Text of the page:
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The making of manifold musical becomings

Laura Toxværd (photo)

The PhD project is anchored in a performative research paradigm and an understanding of music that moves beyond an anthropocentric world view

Laura Toxværd

PhD Candidate

Laura Toxværd, who has been employed as a PhD Research Fellow at the Faculty of Fine Arts, specialisation in Art in Context, will defend her thesis titled «The making of manifold musical becomings» for the PhD degree Thursday 14 September 2023.

Summary of the thesis

This doctoral thesis is an article-based and combined artistic and scientific dissertation that includes two internationally released music albums which are live-recordings of concerts, and two double blind peer reviewed scientific papers as well as an artistic essay published in a music journal. The PhD project is anchored in a performative research paradigm and an understanding of music that moves beyond an anthropocentric world view.

In her PhD thesis Toxværd deals with finding ways in which manifold musical becomings are made possible through explorations of how both the human and the more-than-human intra-act in relation to concerts, where she plays with improvising musicians such as Marilyn Mazur and Jacob Anderskov. Usually, we speak of interaction when humans act, however, when other elements act in unison with humans without being separable it can be described as intra-action.

As a foundation for the thesis is the fact that Toxværd is a woman, a saxophonist, and a composer in the realm of experimental and improvised music with 30 years of experience as a professional musician and 17 internationally released music albums of her own music. Her motivation for initiating her PhD project was that she through a number of years became aware of gender imbalances within the field of music. In the form of artistic articulations and academic writing Toxværd has investigated and analysed the intra-actions and contested what matters by taking responsibility for intervening, so that what is excluded from mattering is considered.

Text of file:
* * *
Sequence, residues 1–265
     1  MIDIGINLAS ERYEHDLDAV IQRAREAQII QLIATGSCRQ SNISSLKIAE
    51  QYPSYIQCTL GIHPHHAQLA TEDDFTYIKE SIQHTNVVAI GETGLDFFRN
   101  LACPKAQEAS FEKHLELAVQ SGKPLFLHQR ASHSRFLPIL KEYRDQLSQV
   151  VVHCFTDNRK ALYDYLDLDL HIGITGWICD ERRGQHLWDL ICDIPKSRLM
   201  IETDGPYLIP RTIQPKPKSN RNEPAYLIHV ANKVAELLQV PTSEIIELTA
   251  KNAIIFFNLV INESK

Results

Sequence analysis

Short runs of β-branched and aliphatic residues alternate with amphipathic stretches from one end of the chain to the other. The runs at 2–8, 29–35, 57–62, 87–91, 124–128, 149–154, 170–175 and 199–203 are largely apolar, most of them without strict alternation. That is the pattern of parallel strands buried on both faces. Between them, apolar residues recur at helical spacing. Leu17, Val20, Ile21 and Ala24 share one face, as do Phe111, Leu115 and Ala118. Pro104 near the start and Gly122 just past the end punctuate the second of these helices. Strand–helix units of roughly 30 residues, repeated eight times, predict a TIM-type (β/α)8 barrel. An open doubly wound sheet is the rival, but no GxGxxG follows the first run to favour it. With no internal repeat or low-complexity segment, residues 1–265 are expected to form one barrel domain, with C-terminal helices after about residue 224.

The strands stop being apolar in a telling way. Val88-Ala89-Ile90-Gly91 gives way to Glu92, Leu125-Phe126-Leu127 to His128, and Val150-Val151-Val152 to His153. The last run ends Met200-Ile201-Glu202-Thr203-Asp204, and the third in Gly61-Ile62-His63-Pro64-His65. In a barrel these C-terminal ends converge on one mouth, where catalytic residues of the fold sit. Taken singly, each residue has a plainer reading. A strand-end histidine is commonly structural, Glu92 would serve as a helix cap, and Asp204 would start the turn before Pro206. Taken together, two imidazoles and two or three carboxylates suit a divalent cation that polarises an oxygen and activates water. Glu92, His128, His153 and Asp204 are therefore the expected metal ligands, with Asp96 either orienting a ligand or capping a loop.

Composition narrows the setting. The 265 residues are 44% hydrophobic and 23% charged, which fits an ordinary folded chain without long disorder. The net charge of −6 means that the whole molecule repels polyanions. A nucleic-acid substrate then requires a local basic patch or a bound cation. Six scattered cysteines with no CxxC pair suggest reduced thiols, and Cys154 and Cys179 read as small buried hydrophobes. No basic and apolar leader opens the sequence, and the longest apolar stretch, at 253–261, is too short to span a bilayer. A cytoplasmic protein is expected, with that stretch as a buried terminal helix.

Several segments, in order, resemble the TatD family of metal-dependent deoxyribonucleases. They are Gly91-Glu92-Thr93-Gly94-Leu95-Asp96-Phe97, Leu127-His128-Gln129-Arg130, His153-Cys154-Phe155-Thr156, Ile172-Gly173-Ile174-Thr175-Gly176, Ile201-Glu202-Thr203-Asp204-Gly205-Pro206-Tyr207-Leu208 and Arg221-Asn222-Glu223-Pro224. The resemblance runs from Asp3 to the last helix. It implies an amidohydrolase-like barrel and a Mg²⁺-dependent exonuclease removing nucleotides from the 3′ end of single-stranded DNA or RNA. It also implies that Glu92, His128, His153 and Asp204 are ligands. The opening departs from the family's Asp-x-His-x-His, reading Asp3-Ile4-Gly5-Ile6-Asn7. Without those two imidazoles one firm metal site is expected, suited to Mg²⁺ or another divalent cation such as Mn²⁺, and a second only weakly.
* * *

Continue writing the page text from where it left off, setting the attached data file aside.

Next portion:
The result of the thesis’ examination is that manifold musical becomings are made possible by embracing and unfolding the intertwined and ambivalent in the intra-action of human and nonhuman materialities and bodies. The thesis thereby also contributes to an understanding of the effects of the music world’s lack of gender balance as a force that is continuously present in an artistic practice and that can create changes.

Find more information about time and place for the doctoral defense.